Big names or big ideas: Do peer-review panels select the best science proposals?

See allHide authors and affiliations

Science  24 Apr 2015:
Vol. 348, Issue 6233, pp. 434-438
DOI: 10.1126/science.aaa0185

eLetters is an online forum for ongoing peer review. Submission of eLetters are open to all. eLetters are not edited, proofread, or indexed.  Please read our Terms of Service before submitting your own eLetter.

Compose eLetter

Plain text

  • Plain text
    No HTML tags allowed.
  • Web page addresses and e-mail addresses turn into links automatically.
  • Lines and paragraphs break automatically.
Author Information
First or given name, e.g. 'Peter'.
Your last, or family, name, e.g. 'MacMoody'.
Your email address, e.g.
Your role and/or occupation, e.g. 'Orthopedic Surgeon'.
Your organization or institution (if applicable), e.g. 'Royal Free Hospital'.
Statement of Competing Interests

This question is for testing whether or not you are a human visitor and to prevent automated spam submissions.

Enter the characters shown in the image.

Vertical Tabs

    • PEDRO MARTINEZ, ICREA Research Professor, Departament de Genetica; Universitat de Barcelona (SPAIN)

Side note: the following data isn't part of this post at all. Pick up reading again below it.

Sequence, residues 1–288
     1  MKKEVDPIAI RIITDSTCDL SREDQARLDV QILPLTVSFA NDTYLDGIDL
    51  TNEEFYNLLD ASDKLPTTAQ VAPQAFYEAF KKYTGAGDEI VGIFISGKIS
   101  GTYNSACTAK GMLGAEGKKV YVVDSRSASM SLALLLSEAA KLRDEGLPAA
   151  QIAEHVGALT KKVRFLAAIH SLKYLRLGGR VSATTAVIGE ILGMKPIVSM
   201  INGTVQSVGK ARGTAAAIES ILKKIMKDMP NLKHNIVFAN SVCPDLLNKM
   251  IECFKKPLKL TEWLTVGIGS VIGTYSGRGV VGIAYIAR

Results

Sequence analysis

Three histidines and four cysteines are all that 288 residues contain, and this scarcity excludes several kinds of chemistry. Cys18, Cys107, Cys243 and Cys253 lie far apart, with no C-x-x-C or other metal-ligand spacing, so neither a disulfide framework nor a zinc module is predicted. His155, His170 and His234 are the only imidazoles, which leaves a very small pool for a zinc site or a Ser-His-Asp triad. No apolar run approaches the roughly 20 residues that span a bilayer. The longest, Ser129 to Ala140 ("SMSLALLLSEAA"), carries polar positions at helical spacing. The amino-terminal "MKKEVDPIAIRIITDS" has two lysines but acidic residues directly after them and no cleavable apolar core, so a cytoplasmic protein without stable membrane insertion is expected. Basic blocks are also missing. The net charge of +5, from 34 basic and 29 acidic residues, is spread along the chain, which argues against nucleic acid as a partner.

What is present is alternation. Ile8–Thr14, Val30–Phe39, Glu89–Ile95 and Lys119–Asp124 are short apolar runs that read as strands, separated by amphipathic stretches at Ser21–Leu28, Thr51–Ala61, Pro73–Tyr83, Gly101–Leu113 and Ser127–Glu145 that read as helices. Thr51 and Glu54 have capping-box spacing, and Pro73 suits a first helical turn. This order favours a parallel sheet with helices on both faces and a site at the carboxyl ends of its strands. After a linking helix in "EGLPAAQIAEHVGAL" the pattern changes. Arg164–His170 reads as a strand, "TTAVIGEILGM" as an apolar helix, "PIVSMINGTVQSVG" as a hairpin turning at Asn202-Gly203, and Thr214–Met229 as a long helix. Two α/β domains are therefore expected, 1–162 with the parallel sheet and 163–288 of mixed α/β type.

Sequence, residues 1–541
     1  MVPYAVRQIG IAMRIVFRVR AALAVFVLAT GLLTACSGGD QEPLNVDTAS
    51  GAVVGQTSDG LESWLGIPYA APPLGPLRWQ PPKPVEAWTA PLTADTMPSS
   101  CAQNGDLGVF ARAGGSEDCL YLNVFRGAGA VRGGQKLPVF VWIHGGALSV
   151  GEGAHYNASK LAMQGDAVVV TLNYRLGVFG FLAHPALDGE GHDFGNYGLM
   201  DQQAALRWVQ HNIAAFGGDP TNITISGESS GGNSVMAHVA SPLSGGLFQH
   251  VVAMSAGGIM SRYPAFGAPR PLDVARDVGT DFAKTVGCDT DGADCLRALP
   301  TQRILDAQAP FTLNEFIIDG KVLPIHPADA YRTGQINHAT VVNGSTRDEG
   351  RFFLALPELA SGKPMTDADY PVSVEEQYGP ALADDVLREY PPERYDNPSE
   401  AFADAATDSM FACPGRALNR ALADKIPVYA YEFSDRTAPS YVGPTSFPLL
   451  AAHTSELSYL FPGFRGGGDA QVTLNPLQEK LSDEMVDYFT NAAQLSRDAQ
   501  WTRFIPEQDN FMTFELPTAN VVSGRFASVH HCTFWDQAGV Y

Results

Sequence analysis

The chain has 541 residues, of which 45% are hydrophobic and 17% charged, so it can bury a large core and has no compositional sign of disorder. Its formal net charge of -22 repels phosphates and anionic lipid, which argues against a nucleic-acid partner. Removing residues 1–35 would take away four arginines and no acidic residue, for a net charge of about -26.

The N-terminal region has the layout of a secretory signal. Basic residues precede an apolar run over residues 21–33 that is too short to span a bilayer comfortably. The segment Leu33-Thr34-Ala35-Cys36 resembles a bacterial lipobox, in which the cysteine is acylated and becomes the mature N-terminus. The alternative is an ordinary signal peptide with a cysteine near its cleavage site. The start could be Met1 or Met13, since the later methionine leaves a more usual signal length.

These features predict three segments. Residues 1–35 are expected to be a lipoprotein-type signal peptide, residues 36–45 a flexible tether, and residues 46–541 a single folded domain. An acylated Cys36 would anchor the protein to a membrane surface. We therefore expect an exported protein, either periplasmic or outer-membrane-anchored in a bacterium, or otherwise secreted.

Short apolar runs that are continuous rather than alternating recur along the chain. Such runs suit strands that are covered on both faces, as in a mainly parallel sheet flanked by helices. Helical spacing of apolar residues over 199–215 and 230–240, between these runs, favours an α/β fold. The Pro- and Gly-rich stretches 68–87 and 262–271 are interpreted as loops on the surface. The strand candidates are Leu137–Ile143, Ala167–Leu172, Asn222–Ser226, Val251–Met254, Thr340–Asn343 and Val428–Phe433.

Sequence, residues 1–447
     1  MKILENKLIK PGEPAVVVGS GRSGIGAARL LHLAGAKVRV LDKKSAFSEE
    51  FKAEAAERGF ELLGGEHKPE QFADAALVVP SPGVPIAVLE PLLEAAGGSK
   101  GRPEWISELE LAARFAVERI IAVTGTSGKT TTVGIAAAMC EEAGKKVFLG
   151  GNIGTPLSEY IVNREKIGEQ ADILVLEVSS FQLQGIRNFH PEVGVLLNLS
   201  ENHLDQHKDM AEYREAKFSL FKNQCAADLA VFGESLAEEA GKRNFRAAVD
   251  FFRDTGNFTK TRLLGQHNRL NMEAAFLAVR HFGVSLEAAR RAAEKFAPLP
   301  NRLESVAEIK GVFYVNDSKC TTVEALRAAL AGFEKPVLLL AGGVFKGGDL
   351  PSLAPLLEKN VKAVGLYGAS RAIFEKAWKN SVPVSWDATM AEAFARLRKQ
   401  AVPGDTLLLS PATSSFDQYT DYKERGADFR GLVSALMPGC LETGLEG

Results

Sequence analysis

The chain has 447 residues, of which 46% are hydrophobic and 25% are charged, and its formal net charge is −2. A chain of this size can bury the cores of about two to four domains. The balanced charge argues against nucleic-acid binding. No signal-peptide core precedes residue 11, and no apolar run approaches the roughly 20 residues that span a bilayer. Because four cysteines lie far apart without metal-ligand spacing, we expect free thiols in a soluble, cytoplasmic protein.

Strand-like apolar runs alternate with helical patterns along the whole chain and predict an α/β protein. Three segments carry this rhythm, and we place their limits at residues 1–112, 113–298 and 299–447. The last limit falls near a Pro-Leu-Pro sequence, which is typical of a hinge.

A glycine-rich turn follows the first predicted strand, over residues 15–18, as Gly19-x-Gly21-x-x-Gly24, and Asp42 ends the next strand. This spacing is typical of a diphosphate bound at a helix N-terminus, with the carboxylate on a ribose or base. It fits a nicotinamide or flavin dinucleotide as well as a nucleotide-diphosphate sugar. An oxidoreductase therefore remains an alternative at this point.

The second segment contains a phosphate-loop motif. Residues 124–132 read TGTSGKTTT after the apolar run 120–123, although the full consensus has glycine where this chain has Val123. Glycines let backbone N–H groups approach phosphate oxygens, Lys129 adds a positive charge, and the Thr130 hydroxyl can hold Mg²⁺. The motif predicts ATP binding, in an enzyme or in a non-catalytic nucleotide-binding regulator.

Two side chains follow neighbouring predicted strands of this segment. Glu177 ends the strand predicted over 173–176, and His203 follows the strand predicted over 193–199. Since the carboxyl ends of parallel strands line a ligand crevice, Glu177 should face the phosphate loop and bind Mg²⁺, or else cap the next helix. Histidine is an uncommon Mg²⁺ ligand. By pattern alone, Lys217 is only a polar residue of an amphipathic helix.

It has become a sign of our times (maybe a negative sign) that science is taken, and
    measured, as another economic enterprise. The work undertaken in our
    laboratories needs to go through a process of evaluation that measures us
    (researchers) and what we do (publications, patents, theses, etc.) in quantitative
    terms. While I do not deny that laboratories and research teams need to be
    accountable to our funding agencies, here I would like to dispute the notion that
    output should be measured as “gross production”. “Production”, whatever different
    metrics we use to gauge it (most are highly unsatisfactory; particularly the
    "overrated" Impact Factor), does not reflect the efficiency of our research teams.
    Economists use a far more useful measure of what is being produced:
    “productivity”, which is the ratio of “gross production”/“money invested” or, if you
    prefer, the ratio of output to input.
    In order to better (more fairly) evaluate the efficiency of our teams, I think that
    funding agencies should start relying in the value of our productivity instead of our
    gross production. Implementation of such an approach would, for instance, treat
    smaller groups in a far more balanced way than how they are currently treated.

    Competing Interests: None declared.

Stay Connected to Science